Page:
Value-Added Reseller Business Models

Larger VAR firms may work in a one-tier distribution model in which the VAR purchases the product directly from the vendor. Smaller VARs, however, work in a two-tier business model in which they must purchase the product from a distributor. Additionally, some vendors have exclusive rights with distributors and in this case, a VAR of any size must work in the two-tier model.

Sometimes organizations need help in choosing and implementing which programs work best. Hardware and software value-added resellers are common in the tech world for this very reason. This is also what makes them different from a distributor. They are creating a custom experience that often includes:

  • System assessments
  • Implementation services
  • Tech support
  • Testing
  • System solutions

While a traditional reseller is a third party that simply resells a vendor’s product “as is,” the VAR business model creates value. For example, Microsoft 365. While Microsoft is the vendor, organizations can buy 365 from VARs that can help to upload and train them on the system.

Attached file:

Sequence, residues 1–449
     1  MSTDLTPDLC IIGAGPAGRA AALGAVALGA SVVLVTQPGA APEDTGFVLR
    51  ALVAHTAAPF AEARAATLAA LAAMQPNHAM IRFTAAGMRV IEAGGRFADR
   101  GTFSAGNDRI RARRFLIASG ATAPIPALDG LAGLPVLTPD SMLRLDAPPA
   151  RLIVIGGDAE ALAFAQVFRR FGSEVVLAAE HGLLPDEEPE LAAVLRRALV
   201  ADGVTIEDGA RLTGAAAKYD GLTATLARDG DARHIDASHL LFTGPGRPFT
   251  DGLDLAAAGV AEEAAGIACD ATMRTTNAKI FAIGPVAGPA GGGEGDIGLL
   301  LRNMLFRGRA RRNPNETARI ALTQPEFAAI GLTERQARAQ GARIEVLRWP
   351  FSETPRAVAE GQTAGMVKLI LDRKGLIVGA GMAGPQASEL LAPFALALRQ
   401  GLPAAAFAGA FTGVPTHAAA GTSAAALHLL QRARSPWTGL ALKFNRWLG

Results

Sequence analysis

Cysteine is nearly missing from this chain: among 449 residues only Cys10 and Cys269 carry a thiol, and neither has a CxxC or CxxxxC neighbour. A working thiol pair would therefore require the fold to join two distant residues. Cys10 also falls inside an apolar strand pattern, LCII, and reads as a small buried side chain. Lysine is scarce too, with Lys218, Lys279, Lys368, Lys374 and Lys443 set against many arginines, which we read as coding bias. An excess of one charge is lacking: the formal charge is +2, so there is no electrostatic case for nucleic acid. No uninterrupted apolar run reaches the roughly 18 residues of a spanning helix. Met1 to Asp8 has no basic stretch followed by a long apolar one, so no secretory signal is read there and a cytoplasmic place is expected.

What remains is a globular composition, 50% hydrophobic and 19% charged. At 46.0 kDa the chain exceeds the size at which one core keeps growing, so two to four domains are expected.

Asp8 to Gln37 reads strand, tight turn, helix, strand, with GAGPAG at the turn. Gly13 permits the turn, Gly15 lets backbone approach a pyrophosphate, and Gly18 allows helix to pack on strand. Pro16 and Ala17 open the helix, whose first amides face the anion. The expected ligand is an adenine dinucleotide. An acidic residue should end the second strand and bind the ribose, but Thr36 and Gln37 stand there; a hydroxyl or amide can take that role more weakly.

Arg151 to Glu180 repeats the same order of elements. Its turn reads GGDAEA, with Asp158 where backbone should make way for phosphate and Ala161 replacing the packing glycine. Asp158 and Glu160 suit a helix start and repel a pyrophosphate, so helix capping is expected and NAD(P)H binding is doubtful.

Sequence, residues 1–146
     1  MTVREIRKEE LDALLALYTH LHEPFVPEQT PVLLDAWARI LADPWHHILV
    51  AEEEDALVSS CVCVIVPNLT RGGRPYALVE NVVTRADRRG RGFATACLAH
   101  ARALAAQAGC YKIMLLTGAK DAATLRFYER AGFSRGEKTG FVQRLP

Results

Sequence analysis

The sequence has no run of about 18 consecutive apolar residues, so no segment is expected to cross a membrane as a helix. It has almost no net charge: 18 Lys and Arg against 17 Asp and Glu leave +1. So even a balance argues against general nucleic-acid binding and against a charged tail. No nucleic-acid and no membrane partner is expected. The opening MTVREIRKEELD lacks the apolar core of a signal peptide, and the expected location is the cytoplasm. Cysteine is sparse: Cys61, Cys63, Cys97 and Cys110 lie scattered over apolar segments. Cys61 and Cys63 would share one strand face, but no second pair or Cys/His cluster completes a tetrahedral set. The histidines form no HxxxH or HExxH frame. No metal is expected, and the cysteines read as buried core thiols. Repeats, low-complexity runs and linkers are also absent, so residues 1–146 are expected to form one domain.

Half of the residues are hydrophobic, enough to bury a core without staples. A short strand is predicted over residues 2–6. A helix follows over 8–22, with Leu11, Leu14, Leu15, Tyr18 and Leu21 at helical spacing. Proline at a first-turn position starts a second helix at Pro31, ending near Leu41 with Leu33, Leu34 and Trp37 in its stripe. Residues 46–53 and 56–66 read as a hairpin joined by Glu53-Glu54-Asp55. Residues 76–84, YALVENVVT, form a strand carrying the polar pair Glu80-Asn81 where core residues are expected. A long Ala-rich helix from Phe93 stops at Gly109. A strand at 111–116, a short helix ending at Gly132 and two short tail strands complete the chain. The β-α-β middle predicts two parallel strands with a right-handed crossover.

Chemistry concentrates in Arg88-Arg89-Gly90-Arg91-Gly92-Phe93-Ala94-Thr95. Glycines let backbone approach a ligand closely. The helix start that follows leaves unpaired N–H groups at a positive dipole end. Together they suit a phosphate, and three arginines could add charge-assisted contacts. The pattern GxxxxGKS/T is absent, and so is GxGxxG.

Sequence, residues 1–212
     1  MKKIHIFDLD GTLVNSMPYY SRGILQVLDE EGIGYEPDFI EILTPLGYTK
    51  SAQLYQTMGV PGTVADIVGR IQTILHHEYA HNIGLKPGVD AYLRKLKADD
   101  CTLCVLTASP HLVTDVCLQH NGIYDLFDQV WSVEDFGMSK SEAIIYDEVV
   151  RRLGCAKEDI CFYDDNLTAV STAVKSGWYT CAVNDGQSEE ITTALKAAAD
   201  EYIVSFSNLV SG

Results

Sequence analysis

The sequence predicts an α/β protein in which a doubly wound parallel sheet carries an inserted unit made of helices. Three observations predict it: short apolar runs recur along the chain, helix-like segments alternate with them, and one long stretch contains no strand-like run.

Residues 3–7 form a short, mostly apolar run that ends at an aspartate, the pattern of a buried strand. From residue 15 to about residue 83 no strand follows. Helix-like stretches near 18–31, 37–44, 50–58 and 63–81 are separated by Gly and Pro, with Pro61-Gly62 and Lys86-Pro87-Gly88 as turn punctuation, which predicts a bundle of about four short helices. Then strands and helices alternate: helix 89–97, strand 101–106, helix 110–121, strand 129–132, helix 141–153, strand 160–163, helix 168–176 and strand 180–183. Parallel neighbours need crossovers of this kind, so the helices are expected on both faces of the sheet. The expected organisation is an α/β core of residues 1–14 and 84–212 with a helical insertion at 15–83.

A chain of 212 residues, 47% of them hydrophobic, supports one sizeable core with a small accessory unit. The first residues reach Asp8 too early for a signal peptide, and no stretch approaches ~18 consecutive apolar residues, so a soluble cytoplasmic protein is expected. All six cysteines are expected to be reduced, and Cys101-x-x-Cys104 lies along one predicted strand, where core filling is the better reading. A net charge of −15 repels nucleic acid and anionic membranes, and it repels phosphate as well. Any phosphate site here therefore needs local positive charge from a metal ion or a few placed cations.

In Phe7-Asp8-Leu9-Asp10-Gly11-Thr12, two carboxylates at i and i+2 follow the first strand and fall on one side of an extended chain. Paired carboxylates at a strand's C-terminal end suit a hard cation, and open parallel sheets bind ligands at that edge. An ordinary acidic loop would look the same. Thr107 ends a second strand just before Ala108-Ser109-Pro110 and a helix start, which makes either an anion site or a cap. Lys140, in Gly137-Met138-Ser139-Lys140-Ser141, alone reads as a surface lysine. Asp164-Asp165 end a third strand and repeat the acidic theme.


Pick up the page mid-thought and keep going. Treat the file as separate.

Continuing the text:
The Value-Added Reseller Process Work?

The following is a quick overview of how the VAR process works:

  1. VAR orders product from OEM. The process begins with the relationship between the two entities.
  2. OEM manufactures product. This is the specific number ordered by the VAR.
  3. OEM sells product to VAR. Once the order is completed, it delivers the product to the VAR.
  4. VAR adds value to the product. The VAR will assemble the item and add branding.